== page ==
When people get charged more for the same plane ride because they are fat, when they get charged more for their insurance because they are fat, when they are treated poorly because they are fat, they often think that the solution is to lose weight.  What if fat people accepted that they will probably never lose weight long term. I think a lot more people would become activists.

So many things are only acceptable because of fat phobia and because people (including fat people) believe that fat people not only can, but actually should, be obligated to lose weight in order to be treated better.  Imagine what would happen if the airlines decided to fit in more seats by creating seats that are designed to fit the average  7 year old boy?  Do you think people would be so cavalier to say that the seats are the size they are and if you are bigger you should just pay extra? I seriously doubt it. That system works because of fat phobia, because people think that if you are fat you can and should get thin and you should be punished until you do. What if fat people stopped believing that the insurance penalties are only going to be in effect until the work-sponsored Watchers Meeting that they have to give up their free time for makes them thin (despite WW’s own studies which show that they are likely to maintain only a 5 pounds weight loss for 2 years.) What if instead, fat people all realized that the Thin Fairy is probably not showing up and that the only way to stop paying more for every plane ride and being paid less than our thin counterparts, the only way to stop the stigma, shaming, bullying etc. is activism

A tiny fraction of people survive skydiving falls when their parachutes don’t open, but we don’t encourage people to try to beat the odds and jump out of planes without chutes, nor do we shame people who go ahead and grab that parachute before jumping.  A tiny fraction of people win the lottery, but we don’t encourage people to try to beat the odds and quit their job because today’s ticket could be a winner, nor do we fine them if they fail to win the lottery.  A tiny fraction of people succeed at longterm weight loss but that doesn’t mean that we should recommend that every fat person should try it, or that we should penalize people for failing.

How would things be different if every fat person operated from the knowledge that they are probably going to be fat their whole lives?  I think it would be a better world and I’m ready for the fatty uprising.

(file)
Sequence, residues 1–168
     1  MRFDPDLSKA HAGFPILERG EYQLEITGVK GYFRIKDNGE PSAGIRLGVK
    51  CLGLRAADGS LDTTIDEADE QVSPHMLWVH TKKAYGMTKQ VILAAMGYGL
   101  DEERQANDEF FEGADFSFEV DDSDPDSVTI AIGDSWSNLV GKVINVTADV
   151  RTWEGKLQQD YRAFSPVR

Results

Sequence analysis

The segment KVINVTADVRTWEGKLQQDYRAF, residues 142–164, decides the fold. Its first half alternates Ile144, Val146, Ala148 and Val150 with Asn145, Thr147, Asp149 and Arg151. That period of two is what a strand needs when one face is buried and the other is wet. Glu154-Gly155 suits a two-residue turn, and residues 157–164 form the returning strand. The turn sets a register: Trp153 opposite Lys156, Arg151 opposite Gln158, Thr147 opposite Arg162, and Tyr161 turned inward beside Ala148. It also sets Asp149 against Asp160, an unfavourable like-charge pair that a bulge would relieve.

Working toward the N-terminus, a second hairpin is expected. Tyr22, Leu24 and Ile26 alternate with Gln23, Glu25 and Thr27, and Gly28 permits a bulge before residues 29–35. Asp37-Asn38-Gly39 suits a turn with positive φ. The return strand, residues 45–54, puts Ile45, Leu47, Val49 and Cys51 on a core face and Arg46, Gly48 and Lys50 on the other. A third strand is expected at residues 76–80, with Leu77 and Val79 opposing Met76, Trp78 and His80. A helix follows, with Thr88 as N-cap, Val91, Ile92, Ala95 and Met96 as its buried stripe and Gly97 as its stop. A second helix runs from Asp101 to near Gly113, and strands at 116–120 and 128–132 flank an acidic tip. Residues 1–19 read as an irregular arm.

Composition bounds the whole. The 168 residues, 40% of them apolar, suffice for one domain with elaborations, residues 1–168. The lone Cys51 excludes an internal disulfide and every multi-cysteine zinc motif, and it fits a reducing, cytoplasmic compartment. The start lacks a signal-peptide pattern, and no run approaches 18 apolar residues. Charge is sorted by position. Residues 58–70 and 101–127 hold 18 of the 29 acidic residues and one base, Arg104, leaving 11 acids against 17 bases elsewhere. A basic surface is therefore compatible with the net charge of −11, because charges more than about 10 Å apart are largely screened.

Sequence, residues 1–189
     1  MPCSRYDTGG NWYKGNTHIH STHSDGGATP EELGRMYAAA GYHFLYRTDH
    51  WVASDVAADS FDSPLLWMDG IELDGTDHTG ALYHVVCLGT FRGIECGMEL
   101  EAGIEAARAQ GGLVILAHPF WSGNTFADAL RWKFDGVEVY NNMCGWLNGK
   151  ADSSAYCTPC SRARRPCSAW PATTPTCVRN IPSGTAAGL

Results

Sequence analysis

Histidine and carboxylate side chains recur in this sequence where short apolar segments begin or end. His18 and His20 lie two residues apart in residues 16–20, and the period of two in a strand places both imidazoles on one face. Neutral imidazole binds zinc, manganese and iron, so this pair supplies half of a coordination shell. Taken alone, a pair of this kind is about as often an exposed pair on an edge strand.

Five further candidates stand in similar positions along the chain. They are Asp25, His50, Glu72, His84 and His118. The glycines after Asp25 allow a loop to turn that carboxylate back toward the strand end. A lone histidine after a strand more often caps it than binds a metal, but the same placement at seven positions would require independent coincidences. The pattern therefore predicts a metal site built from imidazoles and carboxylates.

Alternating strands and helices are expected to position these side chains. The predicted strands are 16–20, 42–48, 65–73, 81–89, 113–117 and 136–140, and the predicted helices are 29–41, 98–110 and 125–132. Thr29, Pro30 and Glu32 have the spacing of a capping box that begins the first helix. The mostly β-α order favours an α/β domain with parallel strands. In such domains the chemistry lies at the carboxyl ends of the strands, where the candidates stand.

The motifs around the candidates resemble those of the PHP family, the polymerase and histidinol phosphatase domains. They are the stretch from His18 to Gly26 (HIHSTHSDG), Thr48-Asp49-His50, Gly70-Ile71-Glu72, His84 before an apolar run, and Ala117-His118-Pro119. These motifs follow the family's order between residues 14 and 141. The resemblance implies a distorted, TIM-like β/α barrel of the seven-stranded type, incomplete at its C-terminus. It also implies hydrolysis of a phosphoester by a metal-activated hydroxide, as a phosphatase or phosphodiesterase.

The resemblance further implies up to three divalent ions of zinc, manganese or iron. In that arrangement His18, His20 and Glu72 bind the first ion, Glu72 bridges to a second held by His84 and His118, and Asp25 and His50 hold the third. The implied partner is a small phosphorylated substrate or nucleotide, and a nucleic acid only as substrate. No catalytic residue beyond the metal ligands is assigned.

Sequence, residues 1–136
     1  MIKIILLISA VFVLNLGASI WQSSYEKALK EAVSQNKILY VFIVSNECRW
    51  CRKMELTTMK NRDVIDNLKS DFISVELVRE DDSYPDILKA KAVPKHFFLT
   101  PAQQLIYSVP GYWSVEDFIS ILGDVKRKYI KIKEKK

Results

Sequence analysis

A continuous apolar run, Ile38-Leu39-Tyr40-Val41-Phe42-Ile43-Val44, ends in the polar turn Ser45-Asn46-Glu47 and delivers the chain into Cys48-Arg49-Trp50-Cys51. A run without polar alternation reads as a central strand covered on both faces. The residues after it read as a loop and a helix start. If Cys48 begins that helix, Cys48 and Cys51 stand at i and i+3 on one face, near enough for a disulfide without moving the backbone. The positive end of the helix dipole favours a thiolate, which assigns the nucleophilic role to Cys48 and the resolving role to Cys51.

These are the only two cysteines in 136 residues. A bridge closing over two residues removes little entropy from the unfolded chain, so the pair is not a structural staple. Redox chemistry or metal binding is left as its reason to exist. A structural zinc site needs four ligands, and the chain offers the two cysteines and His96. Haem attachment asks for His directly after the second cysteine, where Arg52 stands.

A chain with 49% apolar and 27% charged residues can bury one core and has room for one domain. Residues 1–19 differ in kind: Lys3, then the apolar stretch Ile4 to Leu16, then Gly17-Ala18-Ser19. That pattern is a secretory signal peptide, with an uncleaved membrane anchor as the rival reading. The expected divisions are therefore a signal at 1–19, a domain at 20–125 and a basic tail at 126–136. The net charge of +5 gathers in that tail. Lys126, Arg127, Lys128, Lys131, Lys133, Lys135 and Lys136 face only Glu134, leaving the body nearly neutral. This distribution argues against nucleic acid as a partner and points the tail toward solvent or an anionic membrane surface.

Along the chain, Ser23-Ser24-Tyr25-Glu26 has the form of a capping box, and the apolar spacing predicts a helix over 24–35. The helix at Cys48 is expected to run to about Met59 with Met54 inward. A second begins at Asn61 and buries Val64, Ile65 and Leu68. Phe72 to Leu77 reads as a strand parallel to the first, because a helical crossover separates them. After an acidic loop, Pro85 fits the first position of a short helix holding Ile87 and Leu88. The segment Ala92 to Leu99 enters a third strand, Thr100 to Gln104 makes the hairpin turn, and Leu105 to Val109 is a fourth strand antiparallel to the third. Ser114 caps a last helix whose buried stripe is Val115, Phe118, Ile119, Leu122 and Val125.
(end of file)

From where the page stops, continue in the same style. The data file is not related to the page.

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Why Can’t They All Be a Staxi?

Dream WorldMany of you know that my partner suffered a knee injury a couple of months ago – her medical care has been a pretty screwed up experience from start to finish but there was one shining moment.  The first time we went to the emergency room, we were given a Staxi. To be clear, I’m not a paid endorser for the Staxi, I’ve never even talked to them, I am quite certain they have no idea that I’m writing about them.  I just want to encourage the kind of thinking that they are engaging in.

The Staxi is a wheelchair that was built by people who displayed exactly the kind of thinking that I think we need in medical care.  They created a wheelchair that uses 70% less storage space than the competition, holds hundreds of pounds more, and works better for virtually everyone who uses it. Because of the design, it works for people up to 500 pounds and because the armrest comes up and people can sit down from the side, it’s easier to get in and out. The armrest can stay up allowing a very wide range of hip measurements to be accommodated.  It’s not perfect and it is important that people who weigh more than 500 pounds be accommodated and I’m not trying to downplay that, but compared to the normal scramble to find the one wheelchair in the hospital that accommodates someone up to 300 pounds as long as they have narrow hips, this is a major step forward.  This thing was obviously designed by someone who asked themselves “How can I make this work for more people.”

This may not seem like a big deal, but contrast that with Julianne’s recent trip to the orthopedist.  The doctor prescribed a knee brace.  The medical student responsible for getting her the prescribed brace came back and said, with finality, that they didn’t have one in her size.  When Julianne asked her to order one, she explained that they only order them in bulk in certain sizes and that she didn’t need the brace, the doctor just said that it would be help her, so she wouldn’t be getting one.  Julianne asked for a supervisor and after more than an hour of fighting for the medical care she would have already received if she were thin, they finally gave in.